Credit Counselling and Debt Management Plans - Are They Right For You?

Posted in Debt Help
Posted by Janette Martin, CERTIFIED CREDIT COUNSELLOR

credit-counselling-and-debt-managementCredit counselling, also called a debt management plan, may be a solution if you do not owe a lot of money to your creditors. It may also be a solution if you have fallen behind on your payments, or were unable to pay your creditors for awhile but feel you are able pay them in full now.

Here's how it works: A credit counsellor will contact your creditors and help arrange a debt management plan that allows you to repay your debts in full over a period of time. This arrangement is voluntary and is not legally binding on you or your creditors. A credit counsellor is not able to settle your debts for less than the full amount owing, but is often able to negotiate a lower interest rate during your repayment period. A debt management plan will not work if you have a tax debt with Revenue Canada. A debt management plan will be reported to the credit bureau and will reflect negatively on your credit record.

If you feel that you have the ability to repay your debts in full but need help dealing with your creditors then your next step should be to contact a credit counsellor. Finding a reputable credit counsellor is not always easy. If you do an internet search for credit counselors in your area, you will likely get hundreds of hits. Word of mouth or a referral is a good way to find someone. We have a list of credit counsellors that we have dealt with personally, and we believe they are highly reputable.

When looking for a credit counselor, there are a few things to keep in mind. First of all, how much will you pay in fees? Is there an up front consultation fee? Annual or monthly “membership” fee? Monthly service fee? When you call to make your first appointment be sure to ask if there is a consultation fee.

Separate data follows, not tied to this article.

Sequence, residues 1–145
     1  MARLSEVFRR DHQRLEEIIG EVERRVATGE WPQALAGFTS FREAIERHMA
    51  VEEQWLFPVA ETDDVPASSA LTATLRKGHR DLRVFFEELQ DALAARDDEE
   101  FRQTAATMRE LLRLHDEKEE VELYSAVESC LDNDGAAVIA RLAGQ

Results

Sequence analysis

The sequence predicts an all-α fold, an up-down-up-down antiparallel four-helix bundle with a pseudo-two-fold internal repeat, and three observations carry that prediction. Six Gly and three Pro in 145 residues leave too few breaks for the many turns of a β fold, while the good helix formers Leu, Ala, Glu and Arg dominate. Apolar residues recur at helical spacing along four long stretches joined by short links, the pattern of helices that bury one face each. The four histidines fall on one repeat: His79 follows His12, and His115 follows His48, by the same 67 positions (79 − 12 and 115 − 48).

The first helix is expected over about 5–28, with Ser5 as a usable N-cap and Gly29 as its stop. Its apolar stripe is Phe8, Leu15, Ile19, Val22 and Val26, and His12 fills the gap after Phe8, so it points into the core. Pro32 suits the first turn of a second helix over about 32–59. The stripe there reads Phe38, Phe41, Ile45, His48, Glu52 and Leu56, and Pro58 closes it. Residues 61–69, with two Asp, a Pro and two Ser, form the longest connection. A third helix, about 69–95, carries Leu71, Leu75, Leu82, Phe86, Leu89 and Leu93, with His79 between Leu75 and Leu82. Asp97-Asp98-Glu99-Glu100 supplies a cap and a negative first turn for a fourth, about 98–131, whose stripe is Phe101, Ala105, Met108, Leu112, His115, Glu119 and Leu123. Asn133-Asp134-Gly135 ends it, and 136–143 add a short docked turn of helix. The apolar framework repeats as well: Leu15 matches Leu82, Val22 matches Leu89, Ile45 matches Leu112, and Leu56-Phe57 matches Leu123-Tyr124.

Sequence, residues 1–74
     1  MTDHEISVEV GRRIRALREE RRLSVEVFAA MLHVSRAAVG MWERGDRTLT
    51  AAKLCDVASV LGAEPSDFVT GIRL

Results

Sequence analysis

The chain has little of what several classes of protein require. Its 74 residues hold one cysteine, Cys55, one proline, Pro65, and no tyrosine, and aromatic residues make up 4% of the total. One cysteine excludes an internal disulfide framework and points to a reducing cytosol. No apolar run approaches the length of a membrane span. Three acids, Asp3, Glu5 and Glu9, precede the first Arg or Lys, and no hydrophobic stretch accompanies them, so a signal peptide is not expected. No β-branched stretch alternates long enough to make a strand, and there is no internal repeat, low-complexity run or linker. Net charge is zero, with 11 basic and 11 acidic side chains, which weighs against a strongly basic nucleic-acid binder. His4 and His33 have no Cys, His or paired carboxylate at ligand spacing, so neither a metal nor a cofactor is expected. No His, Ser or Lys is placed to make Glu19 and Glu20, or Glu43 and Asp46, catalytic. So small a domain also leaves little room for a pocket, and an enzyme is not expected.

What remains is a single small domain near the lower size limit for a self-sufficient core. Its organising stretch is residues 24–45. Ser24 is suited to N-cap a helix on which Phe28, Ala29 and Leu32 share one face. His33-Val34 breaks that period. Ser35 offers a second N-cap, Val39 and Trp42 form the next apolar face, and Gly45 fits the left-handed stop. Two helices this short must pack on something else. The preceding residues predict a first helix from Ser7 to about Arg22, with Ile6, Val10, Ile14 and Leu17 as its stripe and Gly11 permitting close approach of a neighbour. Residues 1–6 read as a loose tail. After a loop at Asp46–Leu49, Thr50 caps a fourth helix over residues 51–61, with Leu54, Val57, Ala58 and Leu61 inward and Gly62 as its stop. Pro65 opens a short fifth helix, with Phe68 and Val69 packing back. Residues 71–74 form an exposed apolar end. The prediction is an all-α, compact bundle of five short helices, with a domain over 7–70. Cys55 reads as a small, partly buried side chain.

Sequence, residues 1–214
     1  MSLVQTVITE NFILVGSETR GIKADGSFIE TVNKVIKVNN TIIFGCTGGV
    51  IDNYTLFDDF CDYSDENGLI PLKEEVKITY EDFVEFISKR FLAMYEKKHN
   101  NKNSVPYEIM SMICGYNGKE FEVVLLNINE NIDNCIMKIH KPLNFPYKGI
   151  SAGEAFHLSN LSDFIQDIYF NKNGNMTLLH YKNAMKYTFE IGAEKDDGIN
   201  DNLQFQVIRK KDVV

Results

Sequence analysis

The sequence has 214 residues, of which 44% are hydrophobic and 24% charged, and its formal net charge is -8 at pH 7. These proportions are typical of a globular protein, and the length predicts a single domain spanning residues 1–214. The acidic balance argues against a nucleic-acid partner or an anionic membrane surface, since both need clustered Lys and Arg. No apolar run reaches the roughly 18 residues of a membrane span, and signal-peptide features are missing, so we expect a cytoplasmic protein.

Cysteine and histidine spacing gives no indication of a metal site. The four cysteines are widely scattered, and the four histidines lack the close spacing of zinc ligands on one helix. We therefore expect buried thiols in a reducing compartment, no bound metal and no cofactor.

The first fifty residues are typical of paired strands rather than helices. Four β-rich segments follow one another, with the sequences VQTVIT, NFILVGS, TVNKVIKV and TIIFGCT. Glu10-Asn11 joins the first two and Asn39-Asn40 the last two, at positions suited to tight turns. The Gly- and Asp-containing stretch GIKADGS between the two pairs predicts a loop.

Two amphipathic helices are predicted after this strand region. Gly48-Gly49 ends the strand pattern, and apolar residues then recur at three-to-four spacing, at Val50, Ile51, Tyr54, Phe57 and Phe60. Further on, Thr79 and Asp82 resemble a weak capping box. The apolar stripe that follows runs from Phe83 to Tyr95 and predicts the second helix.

Also, it is not a good idea to start making debt management payments until your credit counsellor has confirmation from each of your creditors that they are willing to participate in the program and exactly how much they agree to accept each month. I often meet with people that have entered into a debt management plan and after making several monthly payments, their credit counsellor contacts them to tell them that their monthly payment will need to be increased. This happens because one or more of your creditors did not accept the amount that the counsellor offered them initially and will only agree to your debt management plan if you increase your monthly payment. Beware of debt management scams where the debt consultant takes your money, but doesn't actually do anything.

Is credit counselling a solution? Say you owe $15,000 to your creditors. If you decided to pay down this debt on your own over three years, you could expect payments of approximately $680 a month. If a credit counsellor could get all of your creditors to agree to stop interest and allow you to repay this debt over three years, you could expect to pay approximately $420 a month. Seems like a good solution. You know you can make payments of $420 a month because you are paying more than that each month to your creditors now. Unfortunately lot of people I meet with are unable to maintain their debt management payments because they underestimated the amount of money they have available after paying all of their living expenses.

A debt management plan is a good solution if you can afford to pay all of your debts in full, but just need a break on the interest. If you can't repay the debt in full, a better solution may be a consumer proposal. A consumer proposal is a settlement of your debts and is legally binding on all your creditors, including Revenue Canada. A consumer proposal ensures that all of your creditors are treated fairly; one creditor does not have the ability to demand a higher payment than your other creditors. A consumer proposal can only be filed by a licensed Trustee; a credit counsellor cannot file it for you. The payments in a proposal on that same $15,000 of debt would be significantly less than a debt management plan, possibly as low as $200 a month for 36 months.

Understanding your options will help you pick the solution that works best for you. Since everybody's situation is different and there are many factors to consider when deciding your best route, it is best to seek advice from a professional.

There are options, so let's get started.